The Alphabet seems eager to take on CSI with it's pilot CRIME PREVENTION UNIT, because there can never be enough cop shows on the air. The premise is a "drama about a police division that tracks and apprehends criminals before they are able to commit a crime." Unit is an attempt by Executive Producer Declan Croghan to succeed in the United States where he failed in the United Kingdom with Murder Prevention. It's a rehash here of something that failed over there. Never a good sign.
Here are quickies for plots that seem doomed from the start.
Drama about a top orthopedic surgeon and mother who faces the challenges of re-entering the dating scene and co-parenting after a separation. (Fox)
Sitcom about a "romeo and juliet"-type story set against warring employees at two mall stores in the vein of the genius bar at the apple stores and abercrombie & fitch. (CBS)
Drama based on the popular book series, about the world of privileged teenagers attending elite private schools in new york city. (The CW)
Drama about an f.b.i. surveillance unit that lives and works together in a bid to fight crime in washington, d.c. (The CW)
None of these shows sound very promising, but I wouldn't be surprised if the CW shows made it to air, given their usual lack of options. Being a netlet isn't very fun, and you take whatever you can get. Who knows, GHOSTS (FBI/D.C.) may even work out for them.
Something that wouldn't have even made the list has caught my attention on a second look. Called WE THE JURY (Fox), it's a "comedy about a group of jurors on a high-profile trial who are sequestered in a motel." I was going to miss this because that's a stupid premise for a comedy, but it kind of took hold in my mind and forced me to really think about it for a few minutes. What did my twisted mind spit out? This premise could be really cool if done as a drama instead.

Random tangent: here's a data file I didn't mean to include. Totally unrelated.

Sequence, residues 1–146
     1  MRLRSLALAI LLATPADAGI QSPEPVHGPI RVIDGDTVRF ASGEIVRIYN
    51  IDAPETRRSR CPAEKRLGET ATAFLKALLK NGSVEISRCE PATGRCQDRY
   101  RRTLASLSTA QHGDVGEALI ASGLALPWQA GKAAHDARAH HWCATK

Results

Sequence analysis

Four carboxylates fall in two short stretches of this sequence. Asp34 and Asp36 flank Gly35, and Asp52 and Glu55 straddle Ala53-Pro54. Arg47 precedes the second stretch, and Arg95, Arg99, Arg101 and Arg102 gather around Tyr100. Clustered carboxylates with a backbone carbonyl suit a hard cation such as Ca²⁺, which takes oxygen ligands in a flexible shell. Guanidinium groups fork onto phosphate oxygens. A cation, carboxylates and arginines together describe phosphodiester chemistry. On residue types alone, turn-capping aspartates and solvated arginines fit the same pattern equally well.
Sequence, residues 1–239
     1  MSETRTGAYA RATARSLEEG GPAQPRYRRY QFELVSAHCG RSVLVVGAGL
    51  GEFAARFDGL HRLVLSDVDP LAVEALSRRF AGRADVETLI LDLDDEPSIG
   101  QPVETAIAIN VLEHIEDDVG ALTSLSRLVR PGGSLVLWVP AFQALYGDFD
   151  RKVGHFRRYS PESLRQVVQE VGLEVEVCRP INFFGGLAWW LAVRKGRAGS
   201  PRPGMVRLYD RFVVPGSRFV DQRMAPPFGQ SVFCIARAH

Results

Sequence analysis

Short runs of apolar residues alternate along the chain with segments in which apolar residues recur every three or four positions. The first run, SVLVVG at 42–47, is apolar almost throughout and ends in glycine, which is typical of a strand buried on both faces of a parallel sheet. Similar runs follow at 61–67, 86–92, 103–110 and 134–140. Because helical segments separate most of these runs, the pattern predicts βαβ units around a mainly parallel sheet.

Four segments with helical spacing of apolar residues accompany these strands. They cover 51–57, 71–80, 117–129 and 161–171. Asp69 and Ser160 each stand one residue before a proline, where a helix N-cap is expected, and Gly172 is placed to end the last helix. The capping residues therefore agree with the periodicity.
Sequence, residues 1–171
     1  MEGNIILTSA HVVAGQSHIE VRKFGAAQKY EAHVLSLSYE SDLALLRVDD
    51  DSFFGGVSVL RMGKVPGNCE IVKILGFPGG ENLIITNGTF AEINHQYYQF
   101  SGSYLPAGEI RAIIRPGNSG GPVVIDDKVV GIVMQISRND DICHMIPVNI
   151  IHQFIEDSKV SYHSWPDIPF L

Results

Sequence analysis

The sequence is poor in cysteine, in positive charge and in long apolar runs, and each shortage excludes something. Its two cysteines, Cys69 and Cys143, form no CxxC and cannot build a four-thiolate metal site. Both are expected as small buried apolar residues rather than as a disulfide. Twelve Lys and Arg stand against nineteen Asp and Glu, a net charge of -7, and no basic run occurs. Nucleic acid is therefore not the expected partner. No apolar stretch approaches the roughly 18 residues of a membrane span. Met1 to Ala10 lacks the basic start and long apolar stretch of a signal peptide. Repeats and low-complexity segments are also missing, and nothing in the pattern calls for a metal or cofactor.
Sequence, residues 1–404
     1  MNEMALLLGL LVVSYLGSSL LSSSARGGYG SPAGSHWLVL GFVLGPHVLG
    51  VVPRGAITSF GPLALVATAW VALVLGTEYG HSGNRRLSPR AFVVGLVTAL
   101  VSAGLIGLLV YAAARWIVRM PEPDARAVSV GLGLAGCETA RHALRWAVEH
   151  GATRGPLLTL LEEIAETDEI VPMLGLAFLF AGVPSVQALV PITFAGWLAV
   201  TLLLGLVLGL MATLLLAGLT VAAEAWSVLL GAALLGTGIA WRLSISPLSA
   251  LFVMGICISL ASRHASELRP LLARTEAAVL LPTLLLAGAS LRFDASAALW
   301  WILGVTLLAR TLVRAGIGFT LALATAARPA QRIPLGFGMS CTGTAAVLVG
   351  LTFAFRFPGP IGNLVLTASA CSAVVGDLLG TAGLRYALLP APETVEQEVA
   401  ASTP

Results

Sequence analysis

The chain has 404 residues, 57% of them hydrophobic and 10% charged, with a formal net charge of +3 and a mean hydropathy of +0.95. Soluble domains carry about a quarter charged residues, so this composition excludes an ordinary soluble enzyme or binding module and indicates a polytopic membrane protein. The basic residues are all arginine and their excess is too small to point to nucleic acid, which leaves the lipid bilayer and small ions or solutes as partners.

You see courtroom dramas all the time, with shows dedicated to just the police, just the lawyers, or a combination of the two. What you don't often see is a show that focuses on the jurors. That's a good premise, if you can sell it. Maybe if this show never has its pilot aired, I'll file this away myself as something to pitch as a backup in the future.
Sadly I can't go over all these put pilots, much less shows in the other stages of development like script, ordered to pilot, ordered to series, or cast contingent (if you can land a big star(s), you go green right then and there.) There are over 230 in these various stages, and if you're really interested, you can look this stuff up for yourself.
Suffice to say, most of these premises sound really stupid, but you absolutely must remember that a premise is not a TV show. A premise doesn't give you the kind of mood a well lit set can, or a particular shooting style of a good director. You don't even have a story to read (unless you're a studio exec of course.)
The Prison Break premise sounded terrible, and the show turned into one of the biggest break out hits of last year. Any one of these shows can do that, which is why you get pilots in the first place.
Should you be interested anyway, surf here, scroll down to the DEVWATCH section, and have at it.